Using this premise, I can easily map out the steps Clíana will take to achieve her goal, how the core conflicts will affect the story’s internal and external arcs, and how the antagonist will work to undermine Clíana’s fight to achieve her legacy.
2. Find the right framework and structure.
With your premise mapped out, it’s time to consider how you will frame your story. Is it a story best told in a single linear point-of-view, or would a different framework better enable your story to unfold?
If you have a clear framework in mind, you can then search for the story structure that will best help you map out your story’s major beats. Examples of popular story structures include:
Working with a story structure allows you to create a strong sense of pacing and develop powerful storytelling beats that will give your story a sense of masterful plotting.
3. Define your characters.
Character drives plot. That doesn’t mean all plots are character-driven; many do indeed focus on an external journey far more than an internal one. But it’s your characters’ actions that will define where your plot heads next, and you can’t very well know what actions your characters will take if you don’t first know your characters.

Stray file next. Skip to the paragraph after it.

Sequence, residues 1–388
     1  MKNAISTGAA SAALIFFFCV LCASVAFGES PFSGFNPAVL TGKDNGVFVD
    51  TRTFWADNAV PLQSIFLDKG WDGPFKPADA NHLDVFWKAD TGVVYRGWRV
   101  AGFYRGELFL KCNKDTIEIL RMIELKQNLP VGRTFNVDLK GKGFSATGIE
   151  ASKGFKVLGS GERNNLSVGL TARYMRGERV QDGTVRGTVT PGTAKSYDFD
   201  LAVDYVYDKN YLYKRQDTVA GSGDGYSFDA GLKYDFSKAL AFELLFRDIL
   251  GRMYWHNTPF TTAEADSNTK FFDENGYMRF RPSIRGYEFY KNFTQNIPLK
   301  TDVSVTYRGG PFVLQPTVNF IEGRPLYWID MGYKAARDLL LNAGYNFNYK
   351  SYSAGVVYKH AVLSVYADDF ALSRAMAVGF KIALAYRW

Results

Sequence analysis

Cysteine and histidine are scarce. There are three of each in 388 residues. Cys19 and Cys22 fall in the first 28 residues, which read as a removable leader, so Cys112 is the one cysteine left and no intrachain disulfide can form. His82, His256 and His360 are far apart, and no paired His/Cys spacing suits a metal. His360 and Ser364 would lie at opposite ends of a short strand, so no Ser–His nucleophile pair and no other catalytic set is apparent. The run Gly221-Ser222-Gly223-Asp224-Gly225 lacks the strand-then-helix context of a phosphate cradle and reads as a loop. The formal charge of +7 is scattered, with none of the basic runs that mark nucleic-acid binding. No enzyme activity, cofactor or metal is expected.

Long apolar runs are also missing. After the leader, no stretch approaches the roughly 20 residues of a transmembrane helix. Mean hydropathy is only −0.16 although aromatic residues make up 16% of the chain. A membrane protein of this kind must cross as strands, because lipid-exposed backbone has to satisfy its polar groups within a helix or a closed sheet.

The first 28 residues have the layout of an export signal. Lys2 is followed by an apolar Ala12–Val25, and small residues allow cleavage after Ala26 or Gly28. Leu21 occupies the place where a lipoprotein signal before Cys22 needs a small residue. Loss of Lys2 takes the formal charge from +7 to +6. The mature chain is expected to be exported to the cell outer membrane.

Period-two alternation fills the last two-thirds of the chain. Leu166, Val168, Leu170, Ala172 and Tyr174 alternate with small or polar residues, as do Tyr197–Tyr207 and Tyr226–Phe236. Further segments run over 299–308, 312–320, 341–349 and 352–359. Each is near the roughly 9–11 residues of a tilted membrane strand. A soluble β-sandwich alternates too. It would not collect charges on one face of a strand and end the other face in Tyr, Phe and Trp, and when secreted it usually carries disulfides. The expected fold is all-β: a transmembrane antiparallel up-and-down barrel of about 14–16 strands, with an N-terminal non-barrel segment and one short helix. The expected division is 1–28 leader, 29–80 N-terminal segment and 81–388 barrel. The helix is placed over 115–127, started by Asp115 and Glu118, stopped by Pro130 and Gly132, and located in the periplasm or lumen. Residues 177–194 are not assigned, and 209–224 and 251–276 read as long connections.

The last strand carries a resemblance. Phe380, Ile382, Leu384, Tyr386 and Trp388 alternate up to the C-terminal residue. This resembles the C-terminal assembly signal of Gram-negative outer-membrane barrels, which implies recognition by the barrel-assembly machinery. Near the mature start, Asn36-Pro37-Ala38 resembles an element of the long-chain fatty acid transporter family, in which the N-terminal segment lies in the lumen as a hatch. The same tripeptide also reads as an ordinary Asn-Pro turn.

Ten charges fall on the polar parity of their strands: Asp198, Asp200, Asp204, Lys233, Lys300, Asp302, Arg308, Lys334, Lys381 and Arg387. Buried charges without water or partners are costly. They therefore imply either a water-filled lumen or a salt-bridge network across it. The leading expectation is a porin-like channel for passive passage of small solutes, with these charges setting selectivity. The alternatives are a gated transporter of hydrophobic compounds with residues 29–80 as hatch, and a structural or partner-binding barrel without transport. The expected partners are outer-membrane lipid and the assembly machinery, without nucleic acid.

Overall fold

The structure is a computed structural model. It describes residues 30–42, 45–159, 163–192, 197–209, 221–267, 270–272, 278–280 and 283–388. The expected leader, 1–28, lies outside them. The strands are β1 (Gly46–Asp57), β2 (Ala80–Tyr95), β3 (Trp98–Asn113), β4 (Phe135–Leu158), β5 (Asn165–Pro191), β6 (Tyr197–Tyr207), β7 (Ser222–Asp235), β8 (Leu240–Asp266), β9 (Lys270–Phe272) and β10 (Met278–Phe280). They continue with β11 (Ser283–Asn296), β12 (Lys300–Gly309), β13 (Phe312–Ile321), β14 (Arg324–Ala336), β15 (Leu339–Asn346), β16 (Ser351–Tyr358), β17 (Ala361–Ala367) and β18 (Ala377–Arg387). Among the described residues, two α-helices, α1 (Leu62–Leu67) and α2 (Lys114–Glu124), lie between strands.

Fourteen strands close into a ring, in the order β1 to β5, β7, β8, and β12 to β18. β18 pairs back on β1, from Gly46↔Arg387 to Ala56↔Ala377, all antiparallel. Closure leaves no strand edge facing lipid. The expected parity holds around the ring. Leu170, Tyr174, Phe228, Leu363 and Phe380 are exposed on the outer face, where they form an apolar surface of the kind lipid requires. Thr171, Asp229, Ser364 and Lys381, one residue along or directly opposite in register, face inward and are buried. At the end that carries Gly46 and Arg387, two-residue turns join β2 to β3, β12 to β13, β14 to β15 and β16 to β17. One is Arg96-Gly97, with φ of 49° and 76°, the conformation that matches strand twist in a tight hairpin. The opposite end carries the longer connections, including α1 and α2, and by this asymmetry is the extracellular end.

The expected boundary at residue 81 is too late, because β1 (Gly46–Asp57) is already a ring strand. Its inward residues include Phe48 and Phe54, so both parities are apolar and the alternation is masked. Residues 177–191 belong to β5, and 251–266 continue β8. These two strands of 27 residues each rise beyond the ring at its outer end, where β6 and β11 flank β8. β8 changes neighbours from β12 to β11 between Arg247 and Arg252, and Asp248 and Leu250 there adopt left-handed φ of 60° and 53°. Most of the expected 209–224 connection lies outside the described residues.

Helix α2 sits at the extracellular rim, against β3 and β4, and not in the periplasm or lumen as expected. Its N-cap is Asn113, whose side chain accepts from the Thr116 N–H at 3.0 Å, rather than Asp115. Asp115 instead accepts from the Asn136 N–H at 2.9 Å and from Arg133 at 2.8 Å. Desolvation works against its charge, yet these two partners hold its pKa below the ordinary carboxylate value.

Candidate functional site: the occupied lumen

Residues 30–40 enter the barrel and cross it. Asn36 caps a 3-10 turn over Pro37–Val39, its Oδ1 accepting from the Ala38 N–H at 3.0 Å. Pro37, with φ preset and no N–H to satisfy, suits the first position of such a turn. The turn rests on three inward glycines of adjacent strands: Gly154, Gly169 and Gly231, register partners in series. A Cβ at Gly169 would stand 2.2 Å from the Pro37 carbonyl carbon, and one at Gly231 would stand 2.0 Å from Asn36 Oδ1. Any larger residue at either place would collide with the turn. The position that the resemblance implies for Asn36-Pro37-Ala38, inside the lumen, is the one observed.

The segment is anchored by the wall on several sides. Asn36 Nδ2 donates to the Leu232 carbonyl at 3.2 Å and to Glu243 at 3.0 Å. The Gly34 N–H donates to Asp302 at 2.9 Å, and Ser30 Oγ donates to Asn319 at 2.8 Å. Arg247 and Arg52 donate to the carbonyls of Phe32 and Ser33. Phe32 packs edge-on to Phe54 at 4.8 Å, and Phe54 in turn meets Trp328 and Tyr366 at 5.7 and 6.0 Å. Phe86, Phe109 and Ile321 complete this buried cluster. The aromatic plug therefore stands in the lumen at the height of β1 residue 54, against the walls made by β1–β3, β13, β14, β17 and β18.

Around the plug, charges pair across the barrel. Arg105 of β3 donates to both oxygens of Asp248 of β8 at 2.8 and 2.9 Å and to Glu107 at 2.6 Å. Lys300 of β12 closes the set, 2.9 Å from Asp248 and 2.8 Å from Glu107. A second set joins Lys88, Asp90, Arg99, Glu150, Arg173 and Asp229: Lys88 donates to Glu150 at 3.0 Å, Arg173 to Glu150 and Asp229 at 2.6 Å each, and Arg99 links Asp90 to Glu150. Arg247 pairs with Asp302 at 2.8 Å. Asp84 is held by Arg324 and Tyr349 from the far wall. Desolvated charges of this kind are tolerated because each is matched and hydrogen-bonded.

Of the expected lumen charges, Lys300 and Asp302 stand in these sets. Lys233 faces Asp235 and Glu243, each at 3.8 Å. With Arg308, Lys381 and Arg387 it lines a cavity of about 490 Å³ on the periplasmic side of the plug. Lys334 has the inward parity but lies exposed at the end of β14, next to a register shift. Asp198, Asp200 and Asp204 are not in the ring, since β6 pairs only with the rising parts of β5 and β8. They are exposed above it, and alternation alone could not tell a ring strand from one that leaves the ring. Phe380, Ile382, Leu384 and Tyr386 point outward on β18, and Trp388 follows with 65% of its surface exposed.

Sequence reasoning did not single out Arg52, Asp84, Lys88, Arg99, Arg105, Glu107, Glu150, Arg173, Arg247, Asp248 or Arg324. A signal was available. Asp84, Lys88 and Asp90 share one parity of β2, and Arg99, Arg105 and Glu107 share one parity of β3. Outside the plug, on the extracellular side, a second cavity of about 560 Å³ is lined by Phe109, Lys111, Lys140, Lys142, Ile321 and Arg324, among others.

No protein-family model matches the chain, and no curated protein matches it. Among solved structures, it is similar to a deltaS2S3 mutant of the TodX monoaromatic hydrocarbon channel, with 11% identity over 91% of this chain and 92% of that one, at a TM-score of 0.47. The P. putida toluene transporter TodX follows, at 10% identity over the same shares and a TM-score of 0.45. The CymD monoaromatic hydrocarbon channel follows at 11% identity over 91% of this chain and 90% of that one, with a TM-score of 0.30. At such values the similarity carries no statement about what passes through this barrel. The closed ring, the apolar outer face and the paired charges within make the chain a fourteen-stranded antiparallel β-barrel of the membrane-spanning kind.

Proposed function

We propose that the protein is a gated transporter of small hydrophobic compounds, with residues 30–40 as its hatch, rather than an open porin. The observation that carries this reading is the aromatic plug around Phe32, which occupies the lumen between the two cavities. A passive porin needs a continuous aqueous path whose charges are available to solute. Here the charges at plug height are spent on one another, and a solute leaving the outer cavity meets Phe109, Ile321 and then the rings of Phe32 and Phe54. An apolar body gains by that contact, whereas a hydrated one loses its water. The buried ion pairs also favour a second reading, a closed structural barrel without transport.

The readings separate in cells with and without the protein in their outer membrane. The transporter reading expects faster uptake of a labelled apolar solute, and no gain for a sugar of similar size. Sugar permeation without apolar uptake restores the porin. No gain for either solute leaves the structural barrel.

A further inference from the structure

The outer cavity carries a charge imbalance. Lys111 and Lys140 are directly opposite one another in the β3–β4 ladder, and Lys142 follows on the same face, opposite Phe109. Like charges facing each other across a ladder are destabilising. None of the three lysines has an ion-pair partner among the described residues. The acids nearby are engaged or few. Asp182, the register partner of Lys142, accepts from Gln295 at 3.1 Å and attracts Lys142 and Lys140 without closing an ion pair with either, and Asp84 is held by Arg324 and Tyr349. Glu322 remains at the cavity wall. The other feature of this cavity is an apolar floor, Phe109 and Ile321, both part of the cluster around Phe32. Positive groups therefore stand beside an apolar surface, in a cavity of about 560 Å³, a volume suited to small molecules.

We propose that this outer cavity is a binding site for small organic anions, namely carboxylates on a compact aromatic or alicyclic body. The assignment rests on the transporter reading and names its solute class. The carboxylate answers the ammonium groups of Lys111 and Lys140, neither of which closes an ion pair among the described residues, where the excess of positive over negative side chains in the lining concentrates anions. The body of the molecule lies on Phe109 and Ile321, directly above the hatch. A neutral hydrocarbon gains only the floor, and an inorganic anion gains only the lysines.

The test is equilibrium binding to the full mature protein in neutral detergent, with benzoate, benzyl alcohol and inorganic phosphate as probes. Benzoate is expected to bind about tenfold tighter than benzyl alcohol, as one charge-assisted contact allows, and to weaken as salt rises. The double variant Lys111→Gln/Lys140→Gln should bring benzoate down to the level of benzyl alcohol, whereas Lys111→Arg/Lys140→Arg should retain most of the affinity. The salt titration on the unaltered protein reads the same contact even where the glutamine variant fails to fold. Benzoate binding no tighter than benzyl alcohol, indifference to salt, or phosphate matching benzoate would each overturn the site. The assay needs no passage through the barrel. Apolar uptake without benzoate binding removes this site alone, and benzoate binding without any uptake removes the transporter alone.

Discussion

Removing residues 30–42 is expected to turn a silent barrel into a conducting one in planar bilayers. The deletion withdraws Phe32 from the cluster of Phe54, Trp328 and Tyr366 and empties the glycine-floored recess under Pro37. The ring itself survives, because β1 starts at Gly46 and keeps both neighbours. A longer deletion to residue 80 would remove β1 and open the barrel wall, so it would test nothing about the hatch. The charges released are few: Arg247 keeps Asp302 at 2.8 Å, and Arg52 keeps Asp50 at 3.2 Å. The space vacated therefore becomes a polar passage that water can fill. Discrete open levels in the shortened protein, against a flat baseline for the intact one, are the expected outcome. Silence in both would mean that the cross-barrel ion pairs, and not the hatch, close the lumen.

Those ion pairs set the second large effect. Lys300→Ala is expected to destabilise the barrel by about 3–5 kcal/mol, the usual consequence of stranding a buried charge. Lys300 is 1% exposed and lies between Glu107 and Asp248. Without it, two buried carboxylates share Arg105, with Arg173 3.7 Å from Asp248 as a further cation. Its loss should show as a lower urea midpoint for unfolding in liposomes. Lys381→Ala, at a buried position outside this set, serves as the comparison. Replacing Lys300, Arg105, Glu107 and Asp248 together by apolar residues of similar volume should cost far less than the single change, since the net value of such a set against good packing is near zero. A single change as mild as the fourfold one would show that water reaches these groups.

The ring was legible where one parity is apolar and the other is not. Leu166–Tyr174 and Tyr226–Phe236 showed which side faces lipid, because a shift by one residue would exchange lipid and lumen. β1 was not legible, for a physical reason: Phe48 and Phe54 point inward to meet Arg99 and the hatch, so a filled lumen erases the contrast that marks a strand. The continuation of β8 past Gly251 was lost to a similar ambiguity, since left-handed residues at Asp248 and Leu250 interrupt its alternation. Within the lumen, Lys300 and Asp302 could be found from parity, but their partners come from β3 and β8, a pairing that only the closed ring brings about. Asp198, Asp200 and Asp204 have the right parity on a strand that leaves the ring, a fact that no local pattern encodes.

Before outlining your story, I recommend getting to know as much about your story’s main characters — the protagonist, antagonist, and any major secondary characters — as you can. If any character affects your plot in a prominent way, take the time to first understand who they are.
Here are some resources to help you get started:
Once you’ve outlined these three elements, you’re ready to write — your outline, that is. Unless of course, you’re a discovery writer who finds that outlines only serve to weigh you down. Remember, there is no right way to write a novel. No right way to outline, to draft, to edit, or to build a writing career.
At the end of the day, do what’s best for your stories and your creative process. It may take some time and a little exploration to discover what works best for you, but I promise it will be worth the trouble when you find your writing groove. So go forth and conquer your next outline, writer. I'll be right here to cheer you on!